The European Parliament on Tuesday approved a controversial law that would allow digital companies to detect and report child sexual abuse on their platforms for the next three years.

Tuesday’s vote was the final hurdle for the bill, and will allow companies to scan their platforms for explicit material without fear of violating Europe’s strict privacy laws. The bill pitted the European Commission, who proposed the bill, and children’s rights activists against the Parliament and Europe’s privacy regulators, who fear the bill could undermine the EU’s privacy rules.

The results showed 537 MEPs voted in favor of the bill, with 133 against and 24 abstaining. Despite the result, European lawmakers warned that the rules are „legally flawed“ and could crumble in front of a court.

MEPs also decried the pressure they were under to approve the bill, calling it „moral blackmail.“

“Whenever we asked critical questions about the legislative proposals, immediately the suggestion was created that I wasn’t sufficiently committed to fighting child sexual abuse,” Dutch MEP Sophie in ‘t Veld said a day before the vote.

It’s not over

EU lawmakers were working under an unusually short deadline. The European Commission realized that the EU’s new rules for private messaging would make it illegal for tech companies to voluntarily look for illegal content like child pornography, and proposed a temporary bill to allow for scanning and reporting until new permanent rules were in place.

Soon after the Commission published its proposal in September, it immediately pressured the European Parliament to approve the new rules by December, which lawmakers did not do.

The bill was stalled because of a provision that allowed companies to also scan for grooming, which does not constitute abuse, per se, but does include text and audio messages that indicate children are being manipulated by an offender. Parliament members fretted that allowing companies to scan for messages opens the door for them to monitor other communications. That view was enforced by Europe’s data protection regulators, who also warned that the rules would undermine the EU’s privacy rules.

Meanwhile, British, Canadian, and American ministers — and the U.S. actor Ashton Kutcher, who is also a children’s rights activist — sided with the Commission and urged the Parliament to pass the bill. In the meantime, Facebook said it had stopped scanning its platforms for illicit material.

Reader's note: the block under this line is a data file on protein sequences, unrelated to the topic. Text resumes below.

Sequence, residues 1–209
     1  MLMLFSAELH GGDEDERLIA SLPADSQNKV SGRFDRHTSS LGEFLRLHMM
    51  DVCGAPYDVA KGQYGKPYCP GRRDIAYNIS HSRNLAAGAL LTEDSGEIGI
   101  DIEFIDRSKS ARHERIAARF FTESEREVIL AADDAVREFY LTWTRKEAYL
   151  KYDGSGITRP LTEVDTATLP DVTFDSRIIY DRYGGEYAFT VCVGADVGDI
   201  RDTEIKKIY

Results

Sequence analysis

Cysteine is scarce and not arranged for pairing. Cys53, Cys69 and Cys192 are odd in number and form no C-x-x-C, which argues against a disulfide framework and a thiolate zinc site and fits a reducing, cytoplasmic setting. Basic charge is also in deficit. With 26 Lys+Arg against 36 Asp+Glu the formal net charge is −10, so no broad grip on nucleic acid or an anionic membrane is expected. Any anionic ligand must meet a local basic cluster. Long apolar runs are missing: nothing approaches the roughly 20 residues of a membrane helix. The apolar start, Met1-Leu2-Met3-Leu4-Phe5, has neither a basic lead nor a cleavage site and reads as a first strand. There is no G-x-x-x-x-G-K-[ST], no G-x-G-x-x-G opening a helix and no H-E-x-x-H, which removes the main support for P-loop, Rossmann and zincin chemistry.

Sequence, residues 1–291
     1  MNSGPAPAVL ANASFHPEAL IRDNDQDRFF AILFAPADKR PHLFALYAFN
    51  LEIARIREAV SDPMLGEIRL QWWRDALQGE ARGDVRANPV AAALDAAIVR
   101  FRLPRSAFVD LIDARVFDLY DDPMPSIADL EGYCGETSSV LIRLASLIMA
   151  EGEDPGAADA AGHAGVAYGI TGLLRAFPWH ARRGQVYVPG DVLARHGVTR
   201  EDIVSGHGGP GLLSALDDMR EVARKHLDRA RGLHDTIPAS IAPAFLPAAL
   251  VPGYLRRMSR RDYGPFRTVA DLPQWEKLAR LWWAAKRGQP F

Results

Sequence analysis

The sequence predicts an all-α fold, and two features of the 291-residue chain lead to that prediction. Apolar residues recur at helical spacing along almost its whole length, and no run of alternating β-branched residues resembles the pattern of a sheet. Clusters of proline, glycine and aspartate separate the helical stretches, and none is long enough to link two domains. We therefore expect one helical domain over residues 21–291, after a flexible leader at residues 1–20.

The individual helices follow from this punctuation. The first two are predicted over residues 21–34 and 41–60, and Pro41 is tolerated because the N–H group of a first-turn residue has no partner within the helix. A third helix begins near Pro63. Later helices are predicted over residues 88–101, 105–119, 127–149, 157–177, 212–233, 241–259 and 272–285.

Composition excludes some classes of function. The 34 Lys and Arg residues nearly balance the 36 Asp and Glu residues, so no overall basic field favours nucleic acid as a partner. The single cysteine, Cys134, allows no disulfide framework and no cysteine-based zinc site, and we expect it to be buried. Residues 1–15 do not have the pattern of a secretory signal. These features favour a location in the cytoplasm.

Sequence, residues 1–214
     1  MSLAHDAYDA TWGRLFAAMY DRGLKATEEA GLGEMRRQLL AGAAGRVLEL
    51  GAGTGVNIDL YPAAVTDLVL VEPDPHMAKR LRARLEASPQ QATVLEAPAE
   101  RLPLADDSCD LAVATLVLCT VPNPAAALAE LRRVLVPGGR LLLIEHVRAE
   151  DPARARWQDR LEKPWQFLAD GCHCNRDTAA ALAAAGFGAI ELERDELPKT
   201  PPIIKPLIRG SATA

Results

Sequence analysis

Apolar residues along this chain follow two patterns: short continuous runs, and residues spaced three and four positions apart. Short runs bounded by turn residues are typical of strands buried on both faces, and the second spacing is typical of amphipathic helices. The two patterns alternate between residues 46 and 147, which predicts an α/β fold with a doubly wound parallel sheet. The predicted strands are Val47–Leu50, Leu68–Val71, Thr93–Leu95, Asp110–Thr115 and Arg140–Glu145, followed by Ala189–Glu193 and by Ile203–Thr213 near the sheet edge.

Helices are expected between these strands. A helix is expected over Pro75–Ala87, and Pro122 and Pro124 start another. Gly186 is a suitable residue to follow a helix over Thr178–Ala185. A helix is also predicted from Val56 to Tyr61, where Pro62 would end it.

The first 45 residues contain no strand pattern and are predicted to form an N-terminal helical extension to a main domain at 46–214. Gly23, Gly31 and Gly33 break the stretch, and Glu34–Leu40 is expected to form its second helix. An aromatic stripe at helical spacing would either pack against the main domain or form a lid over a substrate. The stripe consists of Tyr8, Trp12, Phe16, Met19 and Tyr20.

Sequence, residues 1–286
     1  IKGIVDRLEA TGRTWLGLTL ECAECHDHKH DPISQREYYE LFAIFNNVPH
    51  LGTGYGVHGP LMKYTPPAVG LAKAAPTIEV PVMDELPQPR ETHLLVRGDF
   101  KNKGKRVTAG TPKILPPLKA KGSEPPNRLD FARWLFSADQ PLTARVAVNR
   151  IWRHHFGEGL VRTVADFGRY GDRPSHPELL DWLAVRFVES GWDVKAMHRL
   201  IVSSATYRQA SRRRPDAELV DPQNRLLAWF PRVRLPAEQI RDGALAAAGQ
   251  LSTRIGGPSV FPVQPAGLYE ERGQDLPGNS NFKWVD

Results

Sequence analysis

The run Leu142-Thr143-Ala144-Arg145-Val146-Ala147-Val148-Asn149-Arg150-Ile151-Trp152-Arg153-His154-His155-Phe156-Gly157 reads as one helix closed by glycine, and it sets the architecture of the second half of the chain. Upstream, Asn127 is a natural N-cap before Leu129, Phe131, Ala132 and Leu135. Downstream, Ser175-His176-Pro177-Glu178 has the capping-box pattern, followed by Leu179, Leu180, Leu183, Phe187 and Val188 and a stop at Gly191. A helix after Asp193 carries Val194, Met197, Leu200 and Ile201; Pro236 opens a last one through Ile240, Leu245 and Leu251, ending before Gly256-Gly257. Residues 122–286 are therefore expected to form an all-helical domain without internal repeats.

Center-left MEP Birgit Sippel, who worked on the bill, said, “There has been a lot of pressure just to do something very, very quickly and to come to an agreement.”

Despite the bill’s approval, In ‘t Veld warned that the legislation would not withstand court scrutiny given Europe’s strict privacy laws. Addressing Home Affairs Commissioner Ylva Johansson on Monday, she said, “I think we both know that the result on the table is legally flawed.”

MEPs also said that the blanket scanning of private messages of European citizens to look for evidence of child grooming could clash with another set of privacy rules protecting personal data, the GDPR.

To allay the Parliament’s concerns, EU countries agreed to modify the Commission’s law to add additional safeguards, including bringing in Europe’s network of privacy watchdogs to advise on what technologies should be used to do the scanning, and how they should be used. They also left out audio messages from the bill. The changes prompted Sippel, who was negotiating on behalf of the Parliament, to sign off on the bill.

What comes next

The temporary rules are only supposed to be applied for three years. But privacy activists are already worried about the permanent rules that will come next.

With most of the child trafficking and abuse done through encrypted communications on apps like WhatsApp and Telegram, the Commission wants to limit how secure those communications can be. Johansson, who’s in charge of tackling illegal content online, has warned Facebook that its plan to introduce encryption could “give haven to the pedophiles.“

That’s a plan that is also unlikely to go down well with digital activists, who fear mass surveillance by law enforcement and private companies.

“Encrypted communications and services must be preserved and protected,” said Diego Naranjo, EDRi’s head of policy, in an interview.

He said that the Commission’s plan will create an incentive for Big Tech to break, or not develop, encryption, and will tempt companies to comb through private communications.

Children’s rights activists are more optimistic about being able to assuage privacy activists‘ concerns.  

“Children’s advocates and children’s groups need to engage more closely with the privacy community, so they understand the realities of children’s rights and don’t treat all of these privacy questions as some kind of highly theoretical issue,” said John Carr, secretary of the UK Children’s Charities’ Coalition on Internet Safety, in an interview.

Lawmakers in Parliament expressed their hope for “a significantly improved proposal” with data protection guarantees. 

“We really need targeted solutions when dealing with these private communications; otherwise this won’t hold up before national or European courts,” said Sippel.

CORRECTION: A previous version of this article misstated the number of votes against the bill: 133 MEPs voted no.

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